Have you ever tried to drop it low and then just…dropped? If you’re looking to gain the thighs of steel required to not only drop it, but pop it, look no further than these Cold War-era Soviet soldiers leaving it all out on the dance floor. If watching these Soviets perform wildly athletic feats isn’t mesmerizing enough, viewers can now enjoy the soldiers breaking it down to timeless classics such as Britney Spears’s “Toxic” and The Killer’s “Mr. Brightside,” courtesy of the Twitter account @communistbops. mr brightside – the killers pic.twitter.com/AXgD82WWwN— soviet soldiers dancing (@communistbops) August 30, 2019 Run by an 18-year-old in the U.K., the account traces its roots back to the user’s 20th century Russian history coursework. To fully immerse himself in that world, @communistbops began using some of his free time to listen to the Red Army Choir, he told Slate.com in 2019. The result? A bright spot amid the hellish cesspool that is oftentimes social media. Pulling most of the footage from a YouTube account run in the name of Leonid Kharitonov, a Russian opera singer who died in 2017, the teen has watched “these videos so much now, I kinda remember which dance moves would go best with certain lyrics.” And, like your drunk uncle at a wedding, who, despite doing zero cardio in 20 years, seemingly becomes as nimble as a gazelle as he guzzles his 17th Busch Light, the Soviet soldiers seem impervious to pain and ACL blowouts as they bound around the dance floor. Try not to feel vicarious pain, for example, as two soldiers seemingly re-invent the single-leg squat as the angsty tune of Evanescence’s “Bring me to life” blares. bring me to life – evanescence pic.twitter.com/6ON8V1yJvT— soviet soldiers dancing (@communistbops) September 13, 2020 Sign up for the Early Bird Brief Get the military’s most comprehensive news and information every morning (please select a country)United StatesUnited KingdomAfghanistanAlbaniaAlgeriaAmerican SamoaAndorraAngolaAnguillaAntarcticaAntigua and BarbudaArgentinaArmeniaArubaAustraliaAustriaAzerbaijanBahamasBahrainBangladeshBarbadosBelarusBelgiumBelizeBeninBermudaBhutanBoliviaBosnia and HerzegovinaBotswanaBouvet IslandBrazilBritish Indian Ocean TerritoryBrunei DarussalamBulgariaBurkina FasoBurundiCambodiaCameroonCanadaCape VerdeCayman IslandsCentral African RepublicChadChileChinaChristmas IslandCocos (Keeling) IslandsColombiaComorosCongoCongo, The Democratic Republic of TheCook IslandsCosta RicaCote D’ivoireCroatiaCubaCyprusCzech RepublicDenmarkDjiboutiDominicaDominican RepublicEcuadorEgyptEl SalvadorEquatorial GuineaEritreaEstoniaEthiopiaFalkland Islands (Malvinas)Faroe IslandsFijiFinlandFranceFrench GuianaFrench PolynesiaFrench Southern TerritoriesGabonGambiaGeorgiaGermanyGhanaGibraltarGreeceGreenlandGrenadaGuadeloupeGuamGuatemalaGuineaGuinea-bissauGuyanaHaitiHeard Island and Mcdonald IslandsHoly See (Vatican City State)HondurasHong KongHungaryIcelandIndiaIndonesiaIran, Islamic Republic ofIraqIrelandIsraelItalyJamaicaJapanJordanKazakhstanKenyaKiribatiKorea, Democratic People’s Republic ofKorea, Republic ofKuwaitKyrgyzstanLao People’s Democratic RepublicLatviaLebanonLesothoLiberiaLibyan Arab JamahiriyaLiechtensteinLithuaniaLuxembourgMacaoMacedonia, The Former Yugoslav Republic ofMadagascarMalawiMalaysiaMaldivesMaliMaltaMarshall IslandsMartiniqueMauritaniaMauritiusMayotteMexicoMicronesia, Federated States ofMoldova, Republic ofMonacoMongoliaMontserratMoroccoMozambiqueMyanmarNamibiaNauruNepalNetherlandsNetherlands AntillesNew CaledoniaNew ZealandNicaraguaNigerNigeriaNiueNorfolk IslandNorthern Mariana IslandsNorwayOmanPakistanPalauPalestinian Territory, OccupiedPanamaPapua New GuineaParaguayPeruPhilippinesPitcairnPolandPortugalPuerto RicoQatarReunionRomaniaRussian FederationRwandaSaint HelenaSaint Kitts and NevisSaint LuciaSaint Pierre and MiquelonSaint Vincent and The GrenadinesSamoaSan MarinoSao Tome and PrincipeSaudi ArabiaSenegalSerbia and MontenegroSeychellesSierra LeoneSingaporeSlovakiaSloveniaSolomon IslandsSomaliaSouth AfricaSouth Georgia and The South Sandwich IslandsSpainSri LankaSudanSurinameSvalbard and Jan MayenSwazilandSwedenSwitzerlandSyrian Arab RepublicTaiwan, Province of ChinaTajikistanTanzania, United Republic ofThailandTimor-lesteTogoTokelauTongaTrinidad and TobagoTunisiaTurkeyTurkmenistanTurks and Caicos IslandsTuvaluUgandaUkraineUnited Arab EmiratesUnited KingdomUnited StatesUnited States Minor Outlying IslandsUruguayUzbekistanVanuatuVenezuelaViet NamVirgin Islands, BritishVirgin Islands, U.S.Wallis and FutunaWestern SaharaYemenZambiaZimbabwe Subscribe × By giving us your email, you are opting in to the Early Bird Brief. Train for nuclear war and develop legs like a Clydesdale? No wonder McCarthy was so concerned. So, head on over to @communistbops to peruse some of yesteryear’s most phenomenal dance moves set to some of today’s greatest hits.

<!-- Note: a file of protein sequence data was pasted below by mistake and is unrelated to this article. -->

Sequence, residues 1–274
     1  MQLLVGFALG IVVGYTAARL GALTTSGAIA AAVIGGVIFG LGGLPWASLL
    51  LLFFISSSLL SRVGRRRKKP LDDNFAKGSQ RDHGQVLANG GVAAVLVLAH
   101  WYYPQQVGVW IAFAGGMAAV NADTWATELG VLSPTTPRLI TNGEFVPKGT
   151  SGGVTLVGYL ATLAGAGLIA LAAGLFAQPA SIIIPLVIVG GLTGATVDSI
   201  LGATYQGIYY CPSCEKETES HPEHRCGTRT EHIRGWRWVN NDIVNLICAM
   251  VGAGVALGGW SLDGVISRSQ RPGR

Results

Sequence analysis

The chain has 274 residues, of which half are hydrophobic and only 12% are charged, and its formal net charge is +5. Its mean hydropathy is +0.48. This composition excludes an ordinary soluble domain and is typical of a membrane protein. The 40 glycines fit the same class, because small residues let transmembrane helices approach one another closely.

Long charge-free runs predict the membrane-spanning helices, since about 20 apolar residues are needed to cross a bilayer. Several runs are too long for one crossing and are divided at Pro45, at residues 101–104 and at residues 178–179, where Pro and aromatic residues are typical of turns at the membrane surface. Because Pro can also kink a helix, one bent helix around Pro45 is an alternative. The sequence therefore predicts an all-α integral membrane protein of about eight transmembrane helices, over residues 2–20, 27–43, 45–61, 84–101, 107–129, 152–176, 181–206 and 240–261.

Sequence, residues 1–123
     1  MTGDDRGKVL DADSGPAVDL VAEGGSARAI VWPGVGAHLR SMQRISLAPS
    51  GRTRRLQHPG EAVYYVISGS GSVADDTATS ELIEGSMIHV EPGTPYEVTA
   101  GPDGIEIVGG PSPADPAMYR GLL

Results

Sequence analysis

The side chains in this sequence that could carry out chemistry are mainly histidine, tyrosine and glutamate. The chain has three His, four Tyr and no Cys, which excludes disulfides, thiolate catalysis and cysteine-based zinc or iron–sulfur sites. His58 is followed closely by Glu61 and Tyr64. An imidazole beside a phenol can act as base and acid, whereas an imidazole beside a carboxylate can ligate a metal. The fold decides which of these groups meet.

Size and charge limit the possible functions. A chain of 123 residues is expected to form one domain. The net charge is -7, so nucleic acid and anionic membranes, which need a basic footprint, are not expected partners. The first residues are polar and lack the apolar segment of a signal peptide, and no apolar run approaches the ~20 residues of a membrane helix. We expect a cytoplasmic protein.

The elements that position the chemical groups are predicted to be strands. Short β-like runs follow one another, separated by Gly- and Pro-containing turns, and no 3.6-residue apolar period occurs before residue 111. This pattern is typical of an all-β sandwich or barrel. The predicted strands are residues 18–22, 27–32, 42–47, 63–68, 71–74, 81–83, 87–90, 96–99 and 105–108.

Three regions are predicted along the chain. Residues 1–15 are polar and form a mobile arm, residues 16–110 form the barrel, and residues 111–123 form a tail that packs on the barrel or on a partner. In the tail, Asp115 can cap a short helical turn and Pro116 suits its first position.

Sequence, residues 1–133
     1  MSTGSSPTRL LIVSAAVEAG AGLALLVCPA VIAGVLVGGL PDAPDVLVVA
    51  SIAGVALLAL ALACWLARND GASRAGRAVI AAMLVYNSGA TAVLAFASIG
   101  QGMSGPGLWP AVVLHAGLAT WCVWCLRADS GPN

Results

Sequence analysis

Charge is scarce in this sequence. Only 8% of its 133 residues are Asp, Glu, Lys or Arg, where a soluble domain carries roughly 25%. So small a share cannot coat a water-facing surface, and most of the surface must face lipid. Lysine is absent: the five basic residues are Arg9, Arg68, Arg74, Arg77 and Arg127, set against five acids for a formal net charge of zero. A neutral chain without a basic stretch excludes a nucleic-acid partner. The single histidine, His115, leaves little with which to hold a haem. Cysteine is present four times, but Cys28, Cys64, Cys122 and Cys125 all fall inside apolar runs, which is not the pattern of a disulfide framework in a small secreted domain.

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Paid parental leave is on the horizon, but feds still have questions